EPIC Spotlight: James “Jammer” Orintas

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“Planning is the key to success.”

The floodwaters took over much of New Orleans when Hurricane Katrina hit in 2005. This could have spelled the end for Theo’s Neighborhood Pizza, which had opened only eight months earlier on the edge of the city’s Garden District.

The home of James “Jammer” Orintas sustained serious roof damage that displaced him for a few months. Yet his pizzeria was spared. He consulted with his partners and they agreed: Theo’s needed to re-open as soon as possible.

And it did in early October of that year. Theo’s provided relief for those with flooded homes and others suffering from power outages. For many, cooking at home wasn’t an option, Orintas says.

A citywide curfew limited Theo’s operating hours, while Katrina itself limited the availability of menu items. For the following six weeks, diners had a choice of either pepperoni or sausage pizza with Budweiser, Bud Light, Coke or Diet Coke.

The place was packed. “We ran out of food every single day,” Orintas says.

Theo’s also looked out for the public workers trying to restore the Crescent City.

“The police were working out of a city bus across the street from us,” Orintas recalls. “We took pizzas over.”

Now, eight years later, Theo’s Neighborhood Pizza survived Katrina and has even expanded, with two other locations in the New Orleans area and thousands of “likes” on Facebook.

Orintas – who was given the nickname “Jammer” by his father when he was one of five other students named James in his kindergarten class – didn’t immediately go into the restaurant business after earning his bachelor’s degree in finance in 1999 at the Sam M. Walton College of Business. Instead, Orintas worked as a budget analyst for the Al Gore-Joe Lieberman presidential campaign in 2000. He then spent four years as a financial analyst for the Tennessee Valley Authority.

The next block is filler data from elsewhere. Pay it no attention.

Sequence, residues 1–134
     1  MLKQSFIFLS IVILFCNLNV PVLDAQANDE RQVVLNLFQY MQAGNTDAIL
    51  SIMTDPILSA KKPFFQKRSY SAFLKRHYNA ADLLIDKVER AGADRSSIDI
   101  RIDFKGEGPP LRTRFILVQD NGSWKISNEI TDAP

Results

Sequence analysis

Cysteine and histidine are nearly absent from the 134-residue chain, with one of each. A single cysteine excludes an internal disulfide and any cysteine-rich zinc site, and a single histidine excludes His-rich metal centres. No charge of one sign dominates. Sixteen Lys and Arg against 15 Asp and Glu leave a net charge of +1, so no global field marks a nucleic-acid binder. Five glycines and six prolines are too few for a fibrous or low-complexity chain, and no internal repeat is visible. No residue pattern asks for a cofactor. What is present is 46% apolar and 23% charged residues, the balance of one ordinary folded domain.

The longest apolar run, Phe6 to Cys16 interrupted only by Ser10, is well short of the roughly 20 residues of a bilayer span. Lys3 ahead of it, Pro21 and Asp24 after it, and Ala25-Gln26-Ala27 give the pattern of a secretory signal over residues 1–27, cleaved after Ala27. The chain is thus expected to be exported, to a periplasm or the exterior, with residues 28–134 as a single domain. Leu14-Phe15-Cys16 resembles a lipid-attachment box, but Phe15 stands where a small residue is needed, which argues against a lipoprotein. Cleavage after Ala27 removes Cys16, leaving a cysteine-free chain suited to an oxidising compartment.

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Yet, he kept looking back fondly to his younger days when he worked at U.S. Pizza in his hometown of Little Rock and, later, in Fayetteville as a university student. “I thought it was a great experience,” he says. “It was really fun.”

The idea of opening a pizzeria was sparked when Orintas’ buddy and fellow Arkansas alumnus, Greg Dietz, complained to him there wasn’t any good pizza in New Orleans, where he lived. The city known more for its gumbo and jambalaya was in dire need of a quality pizzeria.

Orintas, Dietz and their friend, Ted Neikirk, also a University of Arkansas alumnus, took the plunge. They opened Theo’s Neighborhood Pizza, a friendly place with brick walls and concrete floor and exposed ceilings and an extensive pizza menu with items named “Hawaii 5-0” and “Vegan-ator”. Sandwiches and salads are also available. “To me, it has the feel of a pizza joint,” Orintas says.

He says his management and marketing classes at Walton College have been especially helpful in operating a business. “When you have 85 staff members, the day-to-day management of that alone is difficult,” he says.

The business is growing. He and his partners are looking for a fourth pizza location. They have been approached with franchising opportunities, but Orintas says they prefer to wait.

Orintas advises anyone starting a restaurant business to do their homework. That would include negotiating the best, affordable lease as well as structuring management and employees – all while keeping a good, consistent product. “Planning is the key to success,” Orintas says.